In 1953 I was a first-year college student, rooming with seven girls in the attic of an old Victorian house. One day, while lying on my upper bunk bed, I heard the housemother speak to two girls inquiring about the remaining two spots. “It’s a nice group of girls even though there are two kikes and two n.....s in the group.
That night, I told the other girls about the housemother’s comment and that I needed to find another place to live. When I asked if anyone wanted to come with me, one of the Black girls said she would. I was relieved, yet I wasn’t naïve enough to believe landlords weren’t prejudiced.
We looked at what was available and finally found one with a reasonable rent and kitchen privileges. There were four sophomores living there. Two others had left precipitously and the landlady was anxious to rent the room. We moved in, watched on the porch by the four students already living there. When they saw my roommate, they left the house. I hoped it was to go to class but I felt their hostility. What had I gotten us into?
The next morning, en route to the bathroom, I overheard two of them talking. “If I’d known the landlady would rent to a n....r, I’d have found another place like the other two. I’m taking my dishes and silverware and keeping them in the room,” said the first voice.
“What about the bathroom?” asked the second voice.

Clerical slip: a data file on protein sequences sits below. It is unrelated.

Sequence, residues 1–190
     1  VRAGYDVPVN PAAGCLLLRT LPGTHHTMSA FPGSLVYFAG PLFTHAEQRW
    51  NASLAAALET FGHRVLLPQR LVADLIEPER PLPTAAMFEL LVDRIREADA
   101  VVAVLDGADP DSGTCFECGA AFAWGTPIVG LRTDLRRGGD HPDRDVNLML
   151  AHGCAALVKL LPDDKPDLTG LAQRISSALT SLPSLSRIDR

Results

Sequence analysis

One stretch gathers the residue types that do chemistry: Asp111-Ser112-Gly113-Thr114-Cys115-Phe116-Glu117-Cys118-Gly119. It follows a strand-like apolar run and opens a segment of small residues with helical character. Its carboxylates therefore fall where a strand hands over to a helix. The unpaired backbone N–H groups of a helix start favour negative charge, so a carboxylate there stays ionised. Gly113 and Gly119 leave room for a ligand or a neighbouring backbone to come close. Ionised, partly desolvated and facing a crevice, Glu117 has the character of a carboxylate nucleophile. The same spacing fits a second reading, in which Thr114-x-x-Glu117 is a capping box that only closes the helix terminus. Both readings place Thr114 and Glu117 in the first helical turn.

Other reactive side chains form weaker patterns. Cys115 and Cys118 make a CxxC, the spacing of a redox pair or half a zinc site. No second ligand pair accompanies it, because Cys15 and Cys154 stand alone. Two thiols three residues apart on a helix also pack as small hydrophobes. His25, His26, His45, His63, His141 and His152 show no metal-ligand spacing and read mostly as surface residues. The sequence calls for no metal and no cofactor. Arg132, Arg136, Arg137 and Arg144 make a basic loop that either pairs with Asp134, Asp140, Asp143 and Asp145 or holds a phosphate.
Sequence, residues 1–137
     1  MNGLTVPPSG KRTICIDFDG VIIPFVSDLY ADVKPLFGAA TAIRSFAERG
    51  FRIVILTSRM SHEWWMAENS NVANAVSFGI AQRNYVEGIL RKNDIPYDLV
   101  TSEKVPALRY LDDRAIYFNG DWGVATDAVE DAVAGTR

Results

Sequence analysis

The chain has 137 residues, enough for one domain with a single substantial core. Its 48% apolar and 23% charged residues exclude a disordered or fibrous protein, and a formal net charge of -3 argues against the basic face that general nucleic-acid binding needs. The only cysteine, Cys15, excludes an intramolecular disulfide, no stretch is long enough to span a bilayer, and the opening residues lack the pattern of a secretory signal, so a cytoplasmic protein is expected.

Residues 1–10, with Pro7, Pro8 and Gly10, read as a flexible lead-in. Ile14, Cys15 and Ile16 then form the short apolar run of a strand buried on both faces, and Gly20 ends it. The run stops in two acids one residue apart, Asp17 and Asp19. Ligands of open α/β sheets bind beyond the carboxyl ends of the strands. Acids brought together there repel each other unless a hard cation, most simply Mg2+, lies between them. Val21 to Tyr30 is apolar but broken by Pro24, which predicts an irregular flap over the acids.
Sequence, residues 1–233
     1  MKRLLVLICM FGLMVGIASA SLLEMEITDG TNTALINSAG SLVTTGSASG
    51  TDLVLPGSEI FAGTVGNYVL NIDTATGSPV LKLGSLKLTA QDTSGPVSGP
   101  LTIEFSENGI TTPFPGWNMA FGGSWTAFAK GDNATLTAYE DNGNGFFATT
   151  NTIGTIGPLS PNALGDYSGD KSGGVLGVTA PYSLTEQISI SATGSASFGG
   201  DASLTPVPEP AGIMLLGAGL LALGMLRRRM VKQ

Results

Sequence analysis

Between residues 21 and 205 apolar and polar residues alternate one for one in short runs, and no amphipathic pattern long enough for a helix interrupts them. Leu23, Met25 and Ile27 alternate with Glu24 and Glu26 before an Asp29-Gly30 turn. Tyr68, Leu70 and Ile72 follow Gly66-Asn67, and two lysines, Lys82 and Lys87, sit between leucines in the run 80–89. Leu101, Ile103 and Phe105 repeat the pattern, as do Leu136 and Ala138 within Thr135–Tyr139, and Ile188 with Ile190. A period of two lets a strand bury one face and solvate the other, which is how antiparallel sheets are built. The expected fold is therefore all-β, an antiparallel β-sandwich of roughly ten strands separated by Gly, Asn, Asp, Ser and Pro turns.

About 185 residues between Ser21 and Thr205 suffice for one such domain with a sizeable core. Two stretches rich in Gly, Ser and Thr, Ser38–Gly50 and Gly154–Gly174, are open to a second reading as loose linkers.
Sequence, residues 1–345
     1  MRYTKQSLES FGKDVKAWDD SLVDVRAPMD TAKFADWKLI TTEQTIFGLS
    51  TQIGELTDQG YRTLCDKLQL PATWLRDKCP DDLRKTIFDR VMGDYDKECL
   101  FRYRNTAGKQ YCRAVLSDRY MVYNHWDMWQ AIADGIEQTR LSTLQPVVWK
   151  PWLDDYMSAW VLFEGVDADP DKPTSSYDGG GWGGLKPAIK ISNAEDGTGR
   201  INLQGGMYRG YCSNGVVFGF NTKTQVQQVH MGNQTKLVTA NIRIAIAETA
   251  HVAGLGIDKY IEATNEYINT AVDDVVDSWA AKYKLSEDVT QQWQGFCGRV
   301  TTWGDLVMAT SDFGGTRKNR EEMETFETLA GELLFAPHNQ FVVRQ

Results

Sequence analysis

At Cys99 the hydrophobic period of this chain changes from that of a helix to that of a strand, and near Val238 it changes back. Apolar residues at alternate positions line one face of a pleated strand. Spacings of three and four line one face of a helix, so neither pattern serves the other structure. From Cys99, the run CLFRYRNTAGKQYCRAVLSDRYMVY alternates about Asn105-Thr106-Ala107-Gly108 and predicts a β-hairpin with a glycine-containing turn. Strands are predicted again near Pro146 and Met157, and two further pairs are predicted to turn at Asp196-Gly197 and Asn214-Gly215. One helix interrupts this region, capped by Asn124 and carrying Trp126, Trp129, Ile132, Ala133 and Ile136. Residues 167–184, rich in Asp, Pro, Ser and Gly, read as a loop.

“Wipe the seat good before you use it. I’ll check with my boyfriend. Maybe he knows another place we can rent,” said the first voice.
“But what about the lease?” asked the second voice.
“Shit,” said the first voice. “Why the fuck did they have to come here?” They stopped talking when I made my presence known, glaring at me as they left.
I didn’t know what to do. I didn’t want to tell my roommate; she left where we’d been living because of me. I couldn’t talk to the landlady. What could she do? I kept thinking about what I’d heard when my roommate and I went down to the kitchen to make breakfast. Much to my relief no one was there. Our class schedules were pretty similar so after eating we headed to campus. While I was debating whether to say something, she stopped walking and looked at me. “They don’t want me here, do they?”
I felt awful. Angry at the stupidity of people hating someone because her skin was a little darker than theirs. Angry they disliked me because I was rooming with her. I couldn’t lie. “No, they don’t, but we have a lease. We paid, same as them. She can’t kick us out.”
She sighed. “I thought it might be different here. Being in a state college . . . How come you’re not like them?”
I shrugged, not knowing what to say. “I’m not. That’s just the way it is.” I looked at my watch. “We better hurry or we’ll be late for class. Meet you at the Scrounge for lunch at twelve, okay?”
The conversation wasn’t finished. There was no way we could finish it, but the two of us became friends as well as roommates. We devised a strategy to deal with the four sophomores—we were polite, sometimes offering to share food we had they didn’t—like eggs and milk. In time a civility developed and the tension eased a little. The wordwounds never stopped hurting.
Have you encountered prejudice? What was that like? How did you feel? How did you respond?
Life tales from a woman different living in The City Different.